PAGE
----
US v. Simmons: Simmons was on supervised release when he was involved in a high-speed chase with police during which he sideswiped a state trooper. The district court, upon revoking Simmons’ term of supervised release, concluded that he had committed a Grade A violation because Simmons had committed the NC offense of assault with a deadly weapon on a government official (“AWDGOGO”), which qualified as a “crime of violence.” The district court then sentenced Simmons to 36 months in prison, the top of the resulting advisory Guideline range.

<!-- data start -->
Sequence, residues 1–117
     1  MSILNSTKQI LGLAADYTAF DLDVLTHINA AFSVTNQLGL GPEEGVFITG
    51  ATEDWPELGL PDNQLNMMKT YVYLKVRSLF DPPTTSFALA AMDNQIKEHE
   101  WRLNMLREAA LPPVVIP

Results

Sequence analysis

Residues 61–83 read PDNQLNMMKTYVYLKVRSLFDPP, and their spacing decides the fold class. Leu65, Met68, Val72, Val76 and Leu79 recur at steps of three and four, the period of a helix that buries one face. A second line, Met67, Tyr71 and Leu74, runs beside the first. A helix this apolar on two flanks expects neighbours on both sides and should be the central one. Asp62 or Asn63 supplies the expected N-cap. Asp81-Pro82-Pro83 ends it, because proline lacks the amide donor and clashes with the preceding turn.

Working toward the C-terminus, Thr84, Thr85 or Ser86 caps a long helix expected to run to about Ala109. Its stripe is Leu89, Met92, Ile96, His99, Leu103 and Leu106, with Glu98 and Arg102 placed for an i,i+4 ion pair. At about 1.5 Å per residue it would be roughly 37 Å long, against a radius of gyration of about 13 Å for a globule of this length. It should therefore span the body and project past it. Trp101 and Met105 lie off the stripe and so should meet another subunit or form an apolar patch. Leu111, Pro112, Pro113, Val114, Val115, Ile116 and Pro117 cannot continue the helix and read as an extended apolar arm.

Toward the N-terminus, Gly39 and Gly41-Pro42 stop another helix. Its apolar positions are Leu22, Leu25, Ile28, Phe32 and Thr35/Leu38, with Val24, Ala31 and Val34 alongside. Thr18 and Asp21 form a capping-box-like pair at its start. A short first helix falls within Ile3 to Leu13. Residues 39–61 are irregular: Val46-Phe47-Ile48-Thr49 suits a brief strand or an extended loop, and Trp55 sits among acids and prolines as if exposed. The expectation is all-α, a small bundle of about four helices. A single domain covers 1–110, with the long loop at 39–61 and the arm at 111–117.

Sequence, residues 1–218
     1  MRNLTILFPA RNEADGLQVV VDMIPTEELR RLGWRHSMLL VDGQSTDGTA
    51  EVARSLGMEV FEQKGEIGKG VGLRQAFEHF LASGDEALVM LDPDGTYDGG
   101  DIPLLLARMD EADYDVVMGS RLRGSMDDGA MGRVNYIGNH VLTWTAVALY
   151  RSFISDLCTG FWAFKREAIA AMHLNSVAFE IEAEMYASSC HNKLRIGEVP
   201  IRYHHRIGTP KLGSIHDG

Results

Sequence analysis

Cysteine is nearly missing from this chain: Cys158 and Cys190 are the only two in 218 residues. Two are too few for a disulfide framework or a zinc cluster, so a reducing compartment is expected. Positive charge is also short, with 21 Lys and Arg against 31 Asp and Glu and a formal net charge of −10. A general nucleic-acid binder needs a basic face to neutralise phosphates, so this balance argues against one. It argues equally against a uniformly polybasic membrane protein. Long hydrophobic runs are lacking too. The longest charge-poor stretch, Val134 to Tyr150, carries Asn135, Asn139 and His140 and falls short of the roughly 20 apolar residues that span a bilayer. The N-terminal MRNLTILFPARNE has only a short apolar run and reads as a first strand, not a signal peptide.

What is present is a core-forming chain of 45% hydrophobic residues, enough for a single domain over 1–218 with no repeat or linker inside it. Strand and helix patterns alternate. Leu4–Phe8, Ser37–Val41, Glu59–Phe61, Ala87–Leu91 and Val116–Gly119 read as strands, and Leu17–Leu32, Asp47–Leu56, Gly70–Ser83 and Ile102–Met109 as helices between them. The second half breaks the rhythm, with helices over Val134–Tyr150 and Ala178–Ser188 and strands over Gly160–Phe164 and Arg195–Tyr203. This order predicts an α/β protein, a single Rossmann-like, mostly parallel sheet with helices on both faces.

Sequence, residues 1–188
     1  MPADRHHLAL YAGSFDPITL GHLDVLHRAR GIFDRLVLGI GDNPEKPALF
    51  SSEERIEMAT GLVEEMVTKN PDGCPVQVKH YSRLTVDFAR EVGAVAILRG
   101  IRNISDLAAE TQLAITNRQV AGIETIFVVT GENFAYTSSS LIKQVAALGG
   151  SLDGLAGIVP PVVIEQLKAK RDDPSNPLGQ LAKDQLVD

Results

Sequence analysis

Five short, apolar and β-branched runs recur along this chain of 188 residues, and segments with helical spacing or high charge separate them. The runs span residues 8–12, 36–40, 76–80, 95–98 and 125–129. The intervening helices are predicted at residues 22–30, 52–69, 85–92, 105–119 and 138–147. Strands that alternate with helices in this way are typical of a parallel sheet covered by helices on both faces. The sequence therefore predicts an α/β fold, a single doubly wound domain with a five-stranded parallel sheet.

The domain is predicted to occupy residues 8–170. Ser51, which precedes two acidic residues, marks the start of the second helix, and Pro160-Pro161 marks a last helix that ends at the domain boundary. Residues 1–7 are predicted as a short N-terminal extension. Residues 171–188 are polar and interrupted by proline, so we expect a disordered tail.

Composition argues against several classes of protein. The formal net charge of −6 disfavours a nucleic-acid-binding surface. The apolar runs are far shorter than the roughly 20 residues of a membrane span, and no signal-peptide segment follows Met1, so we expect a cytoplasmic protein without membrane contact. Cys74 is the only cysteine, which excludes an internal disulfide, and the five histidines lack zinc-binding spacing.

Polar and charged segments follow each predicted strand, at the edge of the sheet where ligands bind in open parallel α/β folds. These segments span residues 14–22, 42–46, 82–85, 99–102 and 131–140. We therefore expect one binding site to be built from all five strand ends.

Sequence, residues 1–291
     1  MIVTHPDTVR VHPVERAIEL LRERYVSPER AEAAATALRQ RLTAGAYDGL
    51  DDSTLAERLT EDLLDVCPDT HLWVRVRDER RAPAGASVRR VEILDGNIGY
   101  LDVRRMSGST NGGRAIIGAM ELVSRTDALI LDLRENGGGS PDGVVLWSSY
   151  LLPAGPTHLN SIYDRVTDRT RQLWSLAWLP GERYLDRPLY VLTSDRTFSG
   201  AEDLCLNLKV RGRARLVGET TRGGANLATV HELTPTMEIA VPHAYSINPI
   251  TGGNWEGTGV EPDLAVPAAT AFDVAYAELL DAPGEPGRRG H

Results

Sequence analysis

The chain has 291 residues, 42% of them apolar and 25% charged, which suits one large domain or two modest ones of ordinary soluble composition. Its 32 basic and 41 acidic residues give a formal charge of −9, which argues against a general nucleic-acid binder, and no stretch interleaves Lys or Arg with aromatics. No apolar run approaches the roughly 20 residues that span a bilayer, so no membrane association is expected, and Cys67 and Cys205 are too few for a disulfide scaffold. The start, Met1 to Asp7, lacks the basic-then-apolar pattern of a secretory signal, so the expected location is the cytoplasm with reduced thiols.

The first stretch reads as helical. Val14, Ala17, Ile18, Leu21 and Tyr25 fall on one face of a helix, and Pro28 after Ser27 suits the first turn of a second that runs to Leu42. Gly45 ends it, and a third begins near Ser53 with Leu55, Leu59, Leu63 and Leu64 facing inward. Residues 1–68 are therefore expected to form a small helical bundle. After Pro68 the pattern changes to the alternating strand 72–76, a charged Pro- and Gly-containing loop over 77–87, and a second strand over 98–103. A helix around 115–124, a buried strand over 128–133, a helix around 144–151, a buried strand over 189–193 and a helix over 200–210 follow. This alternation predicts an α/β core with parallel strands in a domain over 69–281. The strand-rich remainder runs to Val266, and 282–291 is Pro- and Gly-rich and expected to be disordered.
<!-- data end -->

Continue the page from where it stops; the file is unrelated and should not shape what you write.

On appeal the Fourth Circuit vacated the sentence, concluding that AWDGOGO was not a crime of violence. Analyzed both under the enumerated offense clause (as “aggravated assault”) and the force clause, the problem was the same – AWDGOGO requires only a mens rea of “culpable negligence,” which is less than the recklessness required by the Guidelines. In doing so, the court restricted itself to the “least culpable conduct under the North Carolina statute,” rejecting the Government’s argument that it should look to the “ordinary or typical case.” The error of classifying AWDGOGO as a crime of violence was plain, impacted Simmons’ substantial rights, and required vacation of his sentence.